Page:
There certainly are advantages. I've done things like code something I thought would work. Then go out to the sheep and try it out and then come back in and recode it. My golden rule of software development on LambTracker is that "No code survives first contact with the sheep." ditto for the first hardware designs. Sheep can be amazingly destructive to computers and lamb slime , snow and sheep nose prints can do very bad things to the code when they are pressing buttons because you set the tablet down to fish out a lamb and other sheep got curious.I would give an ear to work on something I was actually using myself.
Correct. Heck I can't even guarantee I will have cell phone coverage or electricity in some use cases so the mobile/handheld version has to be completely self contained.Normally you would host the db and hit it through an api, but are you keeping the sqllite on the phone to avoid the need for data connection?
Web app possible but a totally separate user and use cases. I loathe mixing languages so I'd rather just stick with Python.Why not build a webapp? These days with modern browser apis you can even design the thing to operate offline.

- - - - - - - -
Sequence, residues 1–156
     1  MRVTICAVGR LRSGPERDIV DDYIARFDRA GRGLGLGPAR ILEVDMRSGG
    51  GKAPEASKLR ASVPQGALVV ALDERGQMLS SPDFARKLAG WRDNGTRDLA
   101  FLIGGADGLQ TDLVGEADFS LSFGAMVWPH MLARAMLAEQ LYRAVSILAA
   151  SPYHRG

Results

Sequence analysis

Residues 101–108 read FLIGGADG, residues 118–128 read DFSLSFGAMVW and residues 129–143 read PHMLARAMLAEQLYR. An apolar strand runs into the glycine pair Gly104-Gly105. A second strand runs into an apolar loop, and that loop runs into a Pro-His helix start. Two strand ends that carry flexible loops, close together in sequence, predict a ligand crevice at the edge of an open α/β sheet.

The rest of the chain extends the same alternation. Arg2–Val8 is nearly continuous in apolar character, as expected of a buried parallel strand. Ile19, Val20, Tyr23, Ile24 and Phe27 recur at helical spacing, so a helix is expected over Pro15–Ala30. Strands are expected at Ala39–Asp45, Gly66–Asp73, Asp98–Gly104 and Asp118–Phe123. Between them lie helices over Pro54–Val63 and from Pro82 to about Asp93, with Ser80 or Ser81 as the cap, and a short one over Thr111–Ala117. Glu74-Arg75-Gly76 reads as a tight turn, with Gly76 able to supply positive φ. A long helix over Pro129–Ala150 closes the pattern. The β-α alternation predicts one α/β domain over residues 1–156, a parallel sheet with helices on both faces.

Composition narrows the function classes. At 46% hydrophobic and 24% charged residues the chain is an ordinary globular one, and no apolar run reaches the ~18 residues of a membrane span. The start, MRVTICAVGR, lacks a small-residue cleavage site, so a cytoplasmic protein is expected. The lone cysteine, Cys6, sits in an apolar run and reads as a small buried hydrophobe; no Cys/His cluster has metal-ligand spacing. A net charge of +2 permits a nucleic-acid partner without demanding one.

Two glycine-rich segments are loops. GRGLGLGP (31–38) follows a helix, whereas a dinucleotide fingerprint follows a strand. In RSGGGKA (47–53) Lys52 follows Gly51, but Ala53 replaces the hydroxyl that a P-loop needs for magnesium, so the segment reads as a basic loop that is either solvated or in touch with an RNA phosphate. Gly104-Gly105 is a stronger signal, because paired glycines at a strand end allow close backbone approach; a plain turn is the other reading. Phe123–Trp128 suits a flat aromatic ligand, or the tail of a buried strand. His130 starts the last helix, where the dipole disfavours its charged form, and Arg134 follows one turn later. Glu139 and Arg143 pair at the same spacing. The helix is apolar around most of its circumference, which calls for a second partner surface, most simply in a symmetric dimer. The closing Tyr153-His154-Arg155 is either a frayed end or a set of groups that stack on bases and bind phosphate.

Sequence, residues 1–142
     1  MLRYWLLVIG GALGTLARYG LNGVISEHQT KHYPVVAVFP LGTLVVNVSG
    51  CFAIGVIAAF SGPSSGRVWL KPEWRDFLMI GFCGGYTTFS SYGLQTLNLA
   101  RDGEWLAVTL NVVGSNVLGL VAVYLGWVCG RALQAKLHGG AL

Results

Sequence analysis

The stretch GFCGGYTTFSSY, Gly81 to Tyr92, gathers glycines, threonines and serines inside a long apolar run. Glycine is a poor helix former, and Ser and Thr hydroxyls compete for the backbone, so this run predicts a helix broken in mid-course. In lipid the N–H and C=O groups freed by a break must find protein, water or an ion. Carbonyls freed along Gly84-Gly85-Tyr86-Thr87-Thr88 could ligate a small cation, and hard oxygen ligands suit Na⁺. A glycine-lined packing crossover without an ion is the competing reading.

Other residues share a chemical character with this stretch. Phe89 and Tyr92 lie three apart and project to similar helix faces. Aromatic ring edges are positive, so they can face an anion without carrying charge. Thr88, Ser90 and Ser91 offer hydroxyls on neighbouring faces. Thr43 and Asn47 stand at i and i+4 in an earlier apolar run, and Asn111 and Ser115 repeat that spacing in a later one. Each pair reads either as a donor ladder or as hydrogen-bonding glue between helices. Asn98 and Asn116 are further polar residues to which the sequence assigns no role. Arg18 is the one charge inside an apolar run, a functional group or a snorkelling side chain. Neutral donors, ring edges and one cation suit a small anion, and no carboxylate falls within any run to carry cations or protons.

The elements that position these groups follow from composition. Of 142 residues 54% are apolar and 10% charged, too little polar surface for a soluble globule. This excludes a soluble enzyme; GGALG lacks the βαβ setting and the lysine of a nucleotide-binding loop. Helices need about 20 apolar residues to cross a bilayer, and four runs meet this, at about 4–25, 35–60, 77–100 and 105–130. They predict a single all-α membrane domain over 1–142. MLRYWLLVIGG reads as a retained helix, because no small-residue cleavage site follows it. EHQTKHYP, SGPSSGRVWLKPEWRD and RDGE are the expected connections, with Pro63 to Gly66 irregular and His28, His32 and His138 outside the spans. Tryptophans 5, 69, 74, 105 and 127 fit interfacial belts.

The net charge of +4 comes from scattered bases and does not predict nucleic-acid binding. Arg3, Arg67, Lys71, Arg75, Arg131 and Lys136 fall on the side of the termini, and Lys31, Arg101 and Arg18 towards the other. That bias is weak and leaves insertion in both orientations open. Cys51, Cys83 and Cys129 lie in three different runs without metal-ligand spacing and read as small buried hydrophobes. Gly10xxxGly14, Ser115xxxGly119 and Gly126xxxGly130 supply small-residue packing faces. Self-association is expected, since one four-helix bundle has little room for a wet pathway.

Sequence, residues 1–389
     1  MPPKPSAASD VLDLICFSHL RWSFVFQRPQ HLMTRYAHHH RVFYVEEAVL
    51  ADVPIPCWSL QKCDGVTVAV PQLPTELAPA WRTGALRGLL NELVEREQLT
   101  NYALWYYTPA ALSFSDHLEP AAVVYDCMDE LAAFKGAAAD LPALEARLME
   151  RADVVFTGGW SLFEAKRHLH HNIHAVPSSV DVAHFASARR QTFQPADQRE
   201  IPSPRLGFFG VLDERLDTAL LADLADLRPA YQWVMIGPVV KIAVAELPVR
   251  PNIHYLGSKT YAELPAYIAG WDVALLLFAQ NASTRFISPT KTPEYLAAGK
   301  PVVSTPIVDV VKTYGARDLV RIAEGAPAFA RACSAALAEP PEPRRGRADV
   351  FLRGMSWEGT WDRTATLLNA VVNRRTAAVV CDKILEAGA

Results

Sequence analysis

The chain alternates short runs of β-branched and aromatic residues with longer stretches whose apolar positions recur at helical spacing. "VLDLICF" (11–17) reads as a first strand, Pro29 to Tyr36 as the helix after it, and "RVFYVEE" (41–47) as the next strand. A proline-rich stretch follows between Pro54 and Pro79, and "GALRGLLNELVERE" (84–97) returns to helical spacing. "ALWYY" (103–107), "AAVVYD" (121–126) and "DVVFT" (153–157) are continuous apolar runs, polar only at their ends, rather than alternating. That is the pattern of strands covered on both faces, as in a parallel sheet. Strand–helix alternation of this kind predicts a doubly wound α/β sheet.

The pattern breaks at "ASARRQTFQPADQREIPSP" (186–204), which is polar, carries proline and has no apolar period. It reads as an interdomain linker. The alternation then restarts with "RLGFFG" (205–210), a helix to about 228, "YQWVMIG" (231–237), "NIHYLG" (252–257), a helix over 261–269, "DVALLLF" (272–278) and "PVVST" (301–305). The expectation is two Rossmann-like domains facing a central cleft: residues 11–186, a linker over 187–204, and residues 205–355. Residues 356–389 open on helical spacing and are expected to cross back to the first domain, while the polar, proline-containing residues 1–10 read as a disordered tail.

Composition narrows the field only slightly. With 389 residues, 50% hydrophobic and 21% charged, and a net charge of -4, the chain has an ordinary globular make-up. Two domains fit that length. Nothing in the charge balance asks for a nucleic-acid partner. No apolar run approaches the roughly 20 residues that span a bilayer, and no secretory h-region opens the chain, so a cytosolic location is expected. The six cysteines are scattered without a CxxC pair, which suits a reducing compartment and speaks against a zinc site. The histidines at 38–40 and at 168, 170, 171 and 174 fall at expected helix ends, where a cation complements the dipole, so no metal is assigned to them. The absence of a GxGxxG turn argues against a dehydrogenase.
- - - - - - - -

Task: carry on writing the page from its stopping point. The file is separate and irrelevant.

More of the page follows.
There are, they're called hierarchical databases but they have all sorts of other issues and problems and are much harder to normalize. One simple example is that it's very hard to dynamically extend a hierarchical databse structure without affecting everything else. In a nice relational db like SQLite or SQL if I suddenly decide I need a whole new function, tracking show class entries and winners for example. I can create a few more tables, link to the existing sheep tables using foreign keys and be off and running. None of it will affect existing code and all I have to do is add the new show class code. If those tables are empty they won't affect the functionality at all of other parts. My big database redesign I finished last year was mostly to take the LambTracker database much further along on the normalization path to make it even easier to expand as needed. That DID break code but mostly just my queries and that was/is relatively easy to fix. Had to join a lot more tables.I wonder if there aren't DB's that natively store as a tree so you don't have to reinvent that in sql.
LambTracker was on github originally and an older version is still there but once Microsoft bought it I bailed out for my current and updated stuff.I took a brief look at your gitlab (which why not github? just curious)